Stamina and survival

Gyasi’s Homegoing is an essential read for the inquisitive

Homegoing, written by Yaa Gyasi, is set in both Ghana and the U.S. following the lineage of two half-sisters with no former knowledge of one another. The book begins with two chapters from the perspective of each sister, then continues with alternating chapters through several generations of their descendants. Effia is married off to an Englishman and lives a life of luxury in the Cape Coast Castle. Esi, her sister, lives a starkly different life in the dungeons of the same castle as a slave. Esi will later travel to America as a pregnant woman after being assaulted by a British soldier. The book follows seven generations (every 2 chapters is a new generation, the novel covering 14 perspectives total) following this family’s stories on opposite sides of the ocean.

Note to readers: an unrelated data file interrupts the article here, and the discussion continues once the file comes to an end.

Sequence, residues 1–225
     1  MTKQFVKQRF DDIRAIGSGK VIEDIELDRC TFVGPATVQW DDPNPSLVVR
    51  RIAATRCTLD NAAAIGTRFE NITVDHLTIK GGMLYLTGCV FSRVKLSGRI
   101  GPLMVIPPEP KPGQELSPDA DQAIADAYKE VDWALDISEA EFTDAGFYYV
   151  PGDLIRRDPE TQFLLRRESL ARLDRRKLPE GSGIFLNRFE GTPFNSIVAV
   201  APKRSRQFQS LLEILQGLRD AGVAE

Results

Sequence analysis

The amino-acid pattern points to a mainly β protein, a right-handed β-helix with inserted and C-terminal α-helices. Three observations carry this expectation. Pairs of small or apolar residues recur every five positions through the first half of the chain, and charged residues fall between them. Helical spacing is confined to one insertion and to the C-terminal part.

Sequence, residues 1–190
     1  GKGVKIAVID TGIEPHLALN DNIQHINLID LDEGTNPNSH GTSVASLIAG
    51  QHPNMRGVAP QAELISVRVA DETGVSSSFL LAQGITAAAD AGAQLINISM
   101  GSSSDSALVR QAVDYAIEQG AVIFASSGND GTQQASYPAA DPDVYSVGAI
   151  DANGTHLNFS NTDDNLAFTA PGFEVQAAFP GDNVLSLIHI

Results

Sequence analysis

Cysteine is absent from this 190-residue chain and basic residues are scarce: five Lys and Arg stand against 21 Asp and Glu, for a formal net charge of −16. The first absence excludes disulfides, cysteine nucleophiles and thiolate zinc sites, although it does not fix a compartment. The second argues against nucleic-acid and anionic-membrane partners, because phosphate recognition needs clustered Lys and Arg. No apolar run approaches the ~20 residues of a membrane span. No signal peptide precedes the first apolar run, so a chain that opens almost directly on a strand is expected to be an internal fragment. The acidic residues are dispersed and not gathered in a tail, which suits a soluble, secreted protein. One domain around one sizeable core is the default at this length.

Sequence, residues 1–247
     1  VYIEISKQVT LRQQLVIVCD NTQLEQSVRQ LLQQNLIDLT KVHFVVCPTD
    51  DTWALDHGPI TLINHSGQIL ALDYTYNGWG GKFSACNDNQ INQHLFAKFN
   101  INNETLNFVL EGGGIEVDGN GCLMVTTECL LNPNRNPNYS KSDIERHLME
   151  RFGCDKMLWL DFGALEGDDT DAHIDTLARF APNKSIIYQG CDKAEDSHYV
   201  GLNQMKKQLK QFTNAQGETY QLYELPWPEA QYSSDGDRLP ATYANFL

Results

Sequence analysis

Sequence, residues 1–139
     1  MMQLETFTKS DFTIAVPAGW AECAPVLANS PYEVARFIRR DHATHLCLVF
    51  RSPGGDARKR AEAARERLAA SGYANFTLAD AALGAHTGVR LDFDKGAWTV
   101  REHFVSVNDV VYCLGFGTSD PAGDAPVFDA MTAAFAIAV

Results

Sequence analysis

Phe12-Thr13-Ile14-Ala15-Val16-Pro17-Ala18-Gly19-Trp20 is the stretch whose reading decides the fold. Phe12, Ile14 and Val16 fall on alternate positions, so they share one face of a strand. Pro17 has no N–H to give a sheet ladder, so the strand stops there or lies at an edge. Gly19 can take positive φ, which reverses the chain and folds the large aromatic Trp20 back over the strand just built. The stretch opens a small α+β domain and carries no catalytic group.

Homegoing deals with an expanse of issues spanning decades, including colonization, slavery, and rape. This novel, despite its more horrific themes, is a remarkable story well-worth reading. It is a celebration of heritage, familial perseverance, and true survival. Memory and storytelling are also important parts of this novel due to the novel’s timeline. As a reader, each generation’s story is more meaningful given the family’s history. In reading this novel, you become a witness to how this family grows and evolves, and it truly shows how family history is more than just names on paper. 

This book provides a great way to compare and contrast completely different places at the same time period and learn about cultures you probably weren’t taught in school. Gyasi does a great job of exploring issues that faced people I had only really learned about in generalizations. Overall, Homegoing’s complexity and depth is the reason why it is so interesting, and why I found it such a captivating read.